Locums paid up to £700 a day to cover GP shifts in Suffolk

GP numbers have fallen in Suffolk - prompting fears that some locum agencies are exploiting surgerie

GP numbers have fallen in Suffolk - prompting fears that some locum agencies are exploiting surgeries. Picture: Andrew Matthews/PA Wire - Credit: PA

Surgeries are paying locum GPs up to £700 a day to cover shortages, it has emerged.

Dr Dan Poulter, Central Suffolk and North Ipswich MP, is concerned about the high charges of some lo

Dr Dan Poulter, Central Suffolk and North Ipswich MP, is concerned about the high charges of some locum agencies. Picture: DENISE BRADLEY - Credit: Copyright: Archant 2015

And it has raised concern that a shortage of doctors is resulting in some agencies "exploiting" the situation by charging high amounts.

NHS figures published ahead of clinical commissioning group (CCG) board meetings showed there had been a "sudden decline" in Suffolk and north Essex GPs in the first quarter of the current financial year.

While there was a slight recovery between June and September, the area was left with 446 full-time equivalent GPs excluding trainees, compared to 478 in September 2018.

Dr Dan Poulter, who works as a mental health doctor alongside his duties as Central Suffolk and North Ipswich MP, said there were several reasons behind the decline - including more GPs retiring and others not wanting the stress of full-time work.

There are many reasons for the decline in GPs in Suffolk, including many taking retirement and pensi

There are many reasons for the decline in GPs in Suffolk, including many taking retirement and pensin changes. Picture: Anthony Devlin/PA Wire - Credit: PA


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He also said controversial changes to NHS pensions means many doctors are choosing to leave the profession early.

However Dr Poulter said there was an "attraction for a lot of younger medics in working as locums" - temporary GPs who cover staff shortfalls - which agencies are, in his view, exploiting.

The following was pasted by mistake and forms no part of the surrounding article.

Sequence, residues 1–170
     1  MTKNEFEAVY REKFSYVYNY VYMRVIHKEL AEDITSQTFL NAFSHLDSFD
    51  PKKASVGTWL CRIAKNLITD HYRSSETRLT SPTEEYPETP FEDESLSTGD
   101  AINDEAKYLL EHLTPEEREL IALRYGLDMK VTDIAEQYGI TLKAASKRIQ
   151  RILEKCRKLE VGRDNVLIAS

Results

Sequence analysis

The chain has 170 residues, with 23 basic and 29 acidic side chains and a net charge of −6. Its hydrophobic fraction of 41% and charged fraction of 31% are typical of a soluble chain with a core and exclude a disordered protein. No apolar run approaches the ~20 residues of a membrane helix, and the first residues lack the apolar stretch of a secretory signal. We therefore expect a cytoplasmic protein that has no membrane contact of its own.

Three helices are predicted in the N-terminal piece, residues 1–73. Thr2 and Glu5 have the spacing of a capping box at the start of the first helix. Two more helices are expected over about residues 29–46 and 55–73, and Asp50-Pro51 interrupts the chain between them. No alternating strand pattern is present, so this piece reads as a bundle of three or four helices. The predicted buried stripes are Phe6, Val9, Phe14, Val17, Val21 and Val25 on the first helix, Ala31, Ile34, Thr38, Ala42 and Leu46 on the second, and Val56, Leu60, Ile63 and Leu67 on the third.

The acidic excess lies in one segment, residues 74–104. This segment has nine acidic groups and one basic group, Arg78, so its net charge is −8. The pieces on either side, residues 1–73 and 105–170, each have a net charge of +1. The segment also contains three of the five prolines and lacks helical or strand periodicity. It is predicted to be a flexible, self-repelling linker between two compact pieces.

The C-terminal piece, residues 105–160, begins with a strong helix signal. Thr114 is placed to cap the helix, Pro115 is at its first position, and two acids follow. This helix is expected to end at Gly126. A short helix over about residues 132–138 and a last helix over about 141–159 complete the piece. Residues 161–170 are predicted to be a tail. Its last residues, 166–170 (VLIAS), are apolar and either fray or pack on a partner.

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This newspaper has seen roles advertised in the area for up to £700 a day.

"The agencies are the big beneficiary of this," Dr Poulter said.

"The money is a waste really, because it is going towards a locum agency.

"Clearly, it is not desirable. I'd rather see the money that is going to agencies going to patient care and the NHS.

"Some of these agencies make a very good living out of exploiting staff challenges in the health service. It is not an acceptable state of affairs."

Dr Poulter has encouraged GP surgeries in Suffolk to build their own collective bank of locum doctors, rather than using agencies, in a bid to save money.

Dr John Havard, partner at Saxmundham Health, argued the money charged by some locum agencies was "extortionate", adding: "It's not like we can afford to do that."

He also said locums are not able to provide the same continuity of care.

David Pannell, chief executive of Suffolk GP Federation, added: "The reduction in Suffolk's GP numbers has been expected because a significant portion are now entering retirement age. This trend is likely to continue for several years.

"Many GPs wish to work as locum doctors and the federation supports them to do this.

"Locums are a key part of Suffolk general practice because they can provide cover when regular GPs are on holiday or unwell."

Amanda Lyes, director of corporate services and system infrastructure for NHS Ipswich and East Suffolk, NHS West Suffolk and NHS North East Essex CCGs, pointed out that: "Although we've seen a fall in the number of GPs, there has been a sizeable increase in the number of other health professionals employed by GP practices who are providing direct patient care, such as physician associates and physiotherapists."

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